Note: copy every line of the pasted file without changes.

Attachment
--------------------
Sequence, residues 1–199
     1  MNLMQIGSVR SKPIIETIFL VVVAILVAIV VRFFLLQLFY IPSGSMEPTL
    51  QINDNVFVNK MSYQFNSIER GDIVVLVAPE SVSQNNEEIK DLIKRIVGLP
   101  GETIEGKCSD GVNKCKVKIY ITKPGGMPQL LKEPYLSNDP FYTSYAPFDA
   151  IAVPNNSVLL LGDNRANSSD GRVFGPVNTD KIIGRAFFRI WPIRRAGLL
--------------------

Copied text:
Sequence, residues 1–199
     1  MNLMQIGSVR SKPIIETIFL VVVAILVAIV VRFFLLQLFY IPSGSMEPTL
    51  QINDNVFVNK MSYQFNSIER GDIVVLVAPE SVSQNNEEIK DLIKRIVGLP
   101  GETIEGKCSD GVNKCKVKIY ITKPGGMPQL LKEPYLSNDP FYTSYAPFDA
   151  IAVPNNSVLL LGDNRANSSD GRVFGPVNTD KIIGRAFFRI WPIRRAGLL